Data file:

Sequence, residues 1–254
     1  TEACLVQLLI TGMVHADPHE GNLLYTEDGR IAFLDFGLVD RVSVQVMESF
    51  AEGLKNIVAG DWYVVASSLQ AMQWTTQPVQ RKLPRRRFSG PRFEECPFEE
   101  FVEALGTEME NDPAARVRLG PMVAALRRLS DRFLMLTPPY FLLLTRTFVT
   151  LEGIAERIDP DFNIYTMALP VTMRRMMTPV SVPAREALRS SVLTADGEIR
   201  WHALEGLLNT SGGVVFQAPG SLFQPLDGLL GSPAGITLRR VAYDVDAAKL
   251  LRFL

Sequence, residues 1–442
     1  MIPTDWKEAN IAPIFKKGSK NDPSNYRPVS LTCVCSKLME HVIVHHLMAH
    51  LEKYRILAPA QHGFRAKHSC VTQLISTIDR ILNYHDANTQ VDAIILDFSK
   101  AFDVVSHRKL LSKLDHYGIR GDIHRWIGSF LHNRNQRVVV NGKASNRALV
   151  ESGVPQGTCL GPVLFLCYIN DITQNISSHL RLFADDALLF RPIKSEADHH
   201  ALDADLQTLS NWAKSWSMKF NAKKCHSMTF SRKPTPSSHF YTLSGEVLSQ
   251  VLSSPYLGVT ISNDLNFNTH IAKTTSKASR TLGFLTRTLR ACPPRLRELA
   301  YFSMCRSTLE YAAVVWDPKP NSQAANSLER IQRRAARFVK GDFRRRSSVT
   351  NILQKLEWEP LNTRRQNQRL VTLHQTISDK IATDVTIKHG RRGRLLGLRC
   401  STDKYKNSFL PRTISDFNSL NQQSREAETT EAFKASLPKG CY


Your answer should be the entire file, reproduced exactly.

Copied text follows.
Sequence, residues 1–254
     1  TEACLVQLLI TGMVHADPHE GNLLYTEDGR IAFLDFGLVD RVSVQVMESF
    51  AEGLKNIVAG DWYVVASSLQ AMQWTTQPVQ RKLPRRRFSG PRFEECPFEE
   101  FVEALGTEME NDPAARVRLG PMVAALRRLS DRFLMLTPPY FLLLTRTFVT
   151  LEGIAERIDP DFNIYTMALP VTMRRMMTPV SVPAREALRS SVLTADGEIR
   201  WHALEGLLNT SGGVVFQAPG SLFQPLDGLL GSPAGITLRR VAYDVDAAKL
   251  LRFL

Sequence, residues 1–442
     1  MIPTDWKEAN IAPIFKKGSK NDPSNYRPVS LTCVCSKLME HVIVHHLMAH
    51  LEKYRILAPA QHGFRAKHSC VTQLISTIDR ILNYHDANTQ VDAIILDFSK
   101  AFDVVSHRKL LSKLDHYGIR GDIHRWIGSF LHNRNQRVVV NGKASNRALV
   151  ESGVPQGTCL GPVLFLCYIN DITQNISSHL RLFADDALLF RPIKSEADHH
   201  ALDADLQTLS NWAKSWSMKF NAKKCHSMTF SRKPTPSSHF YTLSGEVLSQ
   251  VLSSPYLGVT ISNDLNFNTH IAKTTSKASR TLGFLTRTLR ACPPRLRELA
   301  YFSMCRSTLE YAAVVWDPKP NSQAANSLER IQRRAARFVK GDFRRRSSVT
   351  NILQKLEWEP LNTRRQNQRL VTLHQTISDK IATDVTIKHG RRGRLLGLRC
   401  STDKYKNSFL PRTISDFNSL NQQSREAETT EAFKASLPKG CY